The Federal Government, through the Zero Oil Plan, has set a long-term goal of earning about $100 billion from about 22 major non-oil products over the next 10 years. This represents 20 per cent of Nigeria’s Gross Domestic Product (GDP).
The Executive Director, Nigeria Export Promotion Council (NEPC), Mr. Segun Awolowo, who spoke with The Nation, said the zero oil plan will add a minimum of $150 billion to Nigeria’s foreign reserves over the next 10 years.
He said: “We have rolled out export policies for 22 major products that could generate up to $30 billion in foreign exchange a year.
These include cotton, rice, leather, gold, soya, sugar, cocoa, petrochemicals, fertilizer, palm oil, rubber, cement, tomato, banana, oranges, cashew, cassava, sesame, spices, ginger, shea butter and cowpea.
“The zero oil plan has set a long-term goal of earning 20 per cent of Nigeria’s GDP (that is $100 billion) from non-oil exports. The initial target however was to exceed $30 billion in non-oil exports over the next 10 years.”
Awolowo said the plan is expected to create at least 500, 000 additional jobs yearly, due to an increase in productive and export activities, helping to contribute to the achievement of the Sustainable Development Goal (SDGs).
According to him, the plan will also lift at least 20 million Nigerians out of poverty. “Our targets are ambitious, but we must be ambitious if we are to achieve effective diversification.
Awolowo said: “The Federal Government is committed to export diversification with the Ministry of Budget and National Planning integrating the zero oil plan as a core component of the Federal Government’s Economic Recovery and Growth Plan (ERGP)
“The National Economic Council (NEC) has constituted the National Committee on Export Promotion. This committee, chaired by the Jigawa State governor, Muhammad Badaru Abubakar, with some state governors and relevant MDAs as members, drives the implementation of the zero oil plan.”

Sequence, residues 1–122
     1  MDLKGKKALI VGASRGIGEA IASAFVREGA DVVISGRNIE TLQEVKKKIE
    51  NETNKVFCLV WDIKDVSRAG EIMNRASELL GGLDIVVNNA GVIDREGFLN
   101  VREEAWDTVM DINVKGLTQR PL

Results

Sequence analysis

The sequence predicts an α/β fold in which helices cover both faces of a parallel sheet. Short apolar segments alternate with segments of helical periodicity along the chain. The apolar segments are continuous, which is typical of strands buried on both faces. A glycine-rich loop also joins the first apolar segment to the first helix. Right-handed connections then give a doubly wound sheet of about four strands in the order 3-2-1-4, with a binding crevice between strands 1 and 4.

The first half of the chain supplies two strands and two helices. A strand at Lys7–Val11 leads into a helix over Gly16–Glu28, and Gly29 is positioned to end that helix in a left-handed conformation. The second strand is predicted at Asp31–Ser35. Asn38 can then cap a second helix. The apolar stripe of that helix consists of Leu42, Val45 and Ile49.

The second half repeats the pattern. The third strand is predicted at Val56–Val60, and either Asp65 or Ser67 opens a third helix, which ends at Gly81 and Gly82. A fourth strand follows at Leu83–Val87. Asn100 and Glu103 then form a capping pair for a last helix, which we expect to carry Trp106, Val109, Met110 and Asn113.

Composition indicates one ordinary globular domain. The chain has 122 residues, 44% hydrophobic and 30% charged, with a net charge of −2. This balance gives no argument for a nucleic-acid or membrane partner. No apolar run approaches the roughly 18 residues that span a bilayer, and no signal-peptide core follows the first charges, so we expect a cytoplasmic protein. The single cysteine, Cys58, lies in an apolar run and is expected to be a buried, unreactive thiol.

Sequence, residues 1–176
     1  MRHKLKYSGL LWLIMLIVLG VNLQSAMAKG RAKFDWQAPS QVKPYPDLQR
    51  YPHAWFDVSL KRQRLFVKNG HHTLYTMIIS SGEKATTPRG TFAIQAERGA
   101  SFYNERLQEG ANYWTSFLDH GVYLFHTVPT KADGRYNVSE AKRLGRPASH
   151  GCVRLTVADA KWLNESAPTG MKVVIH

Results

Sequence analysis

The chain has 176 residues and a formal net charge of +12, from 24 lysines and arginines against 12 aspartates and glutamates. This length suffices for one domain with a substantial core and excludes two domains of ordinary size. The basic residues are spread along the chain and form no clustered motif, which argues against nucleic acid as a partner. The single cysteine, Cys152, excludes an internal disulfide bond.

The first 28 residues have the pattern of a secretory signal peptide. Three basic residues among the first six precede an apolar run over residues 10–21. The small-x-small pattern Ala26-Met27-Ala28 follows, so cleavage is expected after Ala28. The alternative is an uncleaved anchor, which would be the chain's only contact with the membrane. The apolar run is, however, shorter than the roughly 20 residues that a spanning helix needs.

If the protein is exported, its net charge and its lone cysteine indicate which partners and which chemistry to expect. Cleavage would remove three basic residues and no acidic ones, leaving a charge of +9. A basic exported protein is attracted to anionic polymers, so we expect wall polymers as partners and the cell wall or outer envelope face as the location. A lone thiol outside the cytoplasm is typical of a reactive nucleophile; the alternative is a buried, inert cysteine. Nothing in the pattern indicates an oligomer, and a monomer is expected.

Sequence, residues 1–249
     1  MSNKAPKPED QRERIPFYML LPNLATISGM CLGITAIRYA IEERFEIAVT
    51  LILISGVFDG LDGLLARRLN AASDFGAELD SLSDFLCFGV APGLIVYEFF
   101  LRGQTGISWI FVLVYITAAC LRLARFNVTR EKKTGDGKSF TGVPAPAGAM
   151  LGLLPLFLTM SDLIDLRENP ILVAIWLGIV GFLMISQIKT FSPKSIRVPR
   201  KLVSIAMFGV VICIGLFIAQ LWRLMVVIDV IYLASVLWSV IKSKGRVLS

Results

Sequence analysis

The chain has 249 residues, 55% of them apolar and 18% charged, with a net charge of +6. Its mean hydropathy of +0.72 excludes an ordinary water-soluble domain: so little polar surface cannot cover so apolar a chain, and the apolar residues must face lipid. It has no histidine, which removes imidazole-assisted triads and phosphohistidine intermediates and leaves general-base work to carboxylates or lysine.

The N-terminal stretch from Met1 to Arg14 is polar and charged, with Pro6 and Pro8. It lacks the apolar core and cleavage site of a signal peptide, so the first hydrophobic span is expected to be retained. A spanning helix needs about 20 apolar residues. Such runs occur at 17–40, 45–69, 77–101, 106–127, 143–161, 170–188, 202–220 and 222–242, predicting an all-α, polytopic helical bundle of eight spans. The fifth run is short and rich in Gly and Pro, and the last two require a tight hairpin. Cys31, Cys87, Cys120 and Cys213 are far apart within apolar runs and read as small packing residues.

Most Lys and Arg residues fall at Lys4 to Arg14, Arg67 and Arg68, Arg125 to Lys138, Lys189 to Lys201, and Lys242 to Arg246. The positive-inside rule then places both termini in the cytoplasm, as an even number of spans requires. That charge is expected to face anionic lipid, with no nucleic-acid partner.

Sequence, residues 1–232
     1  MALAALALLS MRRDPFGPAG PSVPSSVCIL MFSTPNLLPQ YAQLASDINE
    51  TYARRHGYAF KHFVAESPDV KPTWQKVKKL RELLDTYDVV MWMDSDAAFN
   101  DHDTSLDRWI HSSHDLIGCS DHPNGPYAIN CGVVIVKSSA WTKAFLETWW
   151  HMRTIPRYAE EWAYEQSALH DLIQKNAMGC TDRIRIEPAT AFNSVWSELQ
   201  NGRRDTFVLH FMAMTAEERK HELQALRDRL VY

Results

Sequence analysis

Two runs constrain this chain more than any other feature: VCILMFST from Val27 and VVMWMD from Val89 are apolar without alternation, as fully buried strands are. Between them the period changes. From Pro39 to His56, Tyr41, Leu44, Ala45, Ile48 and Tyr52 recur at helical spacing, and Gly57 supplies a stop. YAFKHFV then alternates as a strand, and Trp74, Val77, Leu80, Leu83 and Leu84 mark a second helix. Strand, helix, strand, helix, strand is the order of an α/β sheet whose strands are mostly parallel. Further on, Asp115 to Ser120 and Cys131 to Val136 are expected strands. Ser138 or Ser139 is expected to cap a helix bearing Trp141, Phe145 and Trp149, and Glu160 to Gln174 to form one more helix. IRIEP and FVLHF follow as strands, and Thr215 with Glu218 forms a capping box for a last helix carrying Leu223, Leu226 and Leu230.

He said strategic sectors identified in the zero oil plan have seen significant growth. “For instance, sesame exports have increased by $153 million since 2016 – an increase of more than 100 per cent
“There has also been significant growth in exports in the cashew, fertiliser, and leather sectors. The Central Bank of Nigeria (CBN) has approved the commencement of the Export Facilitation Initiative for five key non-oil products: cashew, cocoa, palm oil, sesame and shea. This will help producers access affordable loans, further boosting our non-oil exports,” Awolowo said.
The NEPC chief said the services export sector also continues to perform well, adding that estimates from the International Monetary Fund (IMF) show exports of services doubling since 2014, reaching more than $5 billion in 2017.
On the African Continental Free Trade Area (AfCFTA) agreement, Awolowo said while the US and parts of Europe, notably the UK, are looking inwards, Africa and its most populous country Nigeria, are looking outwards.
“The potential is there for us to increase our exports to Africa and we should look at the AfCFTA with excitement and not fear. Egypt, for instance, imports $1.39 billion worth of soya beans annually. Kenya imported $860.5 million worth of iron and steel in 2018.
“These are two very contrasting products, but for both, Nigeria has strong comparative advantage. These are just two examples that show that the demand for products that Nigeria produces already exists on the African continent. We just have to tap into it,” he said.